Why Breastfeed?

Breast milk is the perfect food for babies. It’s easily digestible and provides everything your baby needs for the first six months of life including important antibodies which help fight infection. It also helps protect babies against middle ear infections, gastroenteritis, asthma and eczema. And there are benefits for mums too. Mothers who breastfeed are less likely to develop breast cancer, ovarian cancer and osteoporosis later in life – and breastfeeding helps mother and baby to get to know each other and build a loving relationship. If that’s not enough, it’s also free, instant and environmentally friendly!

Top 10 Tips

1. The Ministry of Health recommends women breastfeed for 12 months.

2. If you’re doing well and want to carry on, you might like to know that the World Health Organisation recommends breastfeeding for two years and beyond.

3. The first milk mothers produce after birth is called colostrum (AKA ‘liquid gold’), which is full of disease-fighting antibodies called immunoglobulins that strengthen your baby’s immune system.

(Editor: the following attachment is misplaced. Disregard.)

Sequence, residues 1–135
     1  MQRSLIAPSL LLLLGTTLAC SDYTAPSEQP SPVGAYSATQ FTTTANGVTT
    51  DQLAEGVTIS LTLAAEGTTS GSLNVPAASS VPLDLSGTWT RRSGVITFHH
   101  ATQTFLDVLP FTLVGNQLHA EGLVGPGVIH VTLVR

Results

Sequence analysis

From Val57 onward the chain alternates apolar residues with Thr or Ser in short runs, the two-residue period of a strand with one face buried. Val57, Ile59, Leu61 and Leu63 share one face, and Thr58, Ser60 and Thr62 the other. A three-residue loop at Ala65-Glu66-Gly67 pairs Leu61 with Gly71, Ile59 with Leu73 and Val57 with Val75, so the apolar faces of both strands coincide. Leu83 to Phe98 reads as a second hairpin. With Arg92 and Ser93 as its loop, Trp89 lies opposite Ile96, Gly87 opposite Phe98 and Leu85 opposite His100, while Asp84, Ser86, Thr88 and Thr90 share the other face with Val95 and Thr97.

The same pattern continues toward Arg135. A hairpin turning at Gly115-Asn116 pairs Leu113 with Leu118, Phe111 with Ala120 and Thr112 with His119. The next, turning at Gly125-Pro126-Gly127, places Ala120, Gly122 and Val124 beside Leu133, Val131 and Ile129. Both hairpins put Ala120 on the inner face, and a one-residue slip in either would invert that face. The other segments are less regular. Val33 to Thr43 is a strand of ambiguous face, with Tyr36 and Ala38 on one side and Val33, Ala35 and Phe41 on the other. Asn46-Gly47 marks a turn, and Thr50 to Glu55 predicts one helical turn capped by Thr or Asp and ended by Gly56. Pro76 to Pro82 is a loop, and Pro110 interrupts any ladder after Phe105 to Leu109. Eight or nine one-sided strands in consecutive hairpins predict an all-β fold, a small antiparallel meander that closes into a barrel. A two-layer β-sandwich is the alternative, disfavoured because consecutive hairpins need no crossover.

4. Colostrum also acts as a laxative which helps clear out meconium (the first dark-green poo) from your baby’s bowels.

5. Full milk comes in after about three days. This can be uncomfortable.

6. Let your baby drink for as long as they want from the first breast before swapping to the second breast. This is because at each feed, babies get foremilk first, which is thin and quenches their thirst; followed by hindmilk which is richer in fat content and high in calories. They need both to thrive.

7. Start feeding from the second breast first on the following feed. (You can put a safety pin in your bra to remind you which one that is.)

8. Baby’s suckling stimulates the breast to produce milk – the more your baby feeds, the more milk your body will produce. This is known as supply-and-demand. If your baby is not feeding well or you start using formula, your baby will take less from you and your milk supply will decrease.

9. It usually takes one to two weeks to get your milk supply going and it can take six weeks or longer for the supply-and-demand mechanism to become well-established.

10. If you’re struggling with breastfeeding, talk to your midwife, Plunket Nurse or a lactation consultant.

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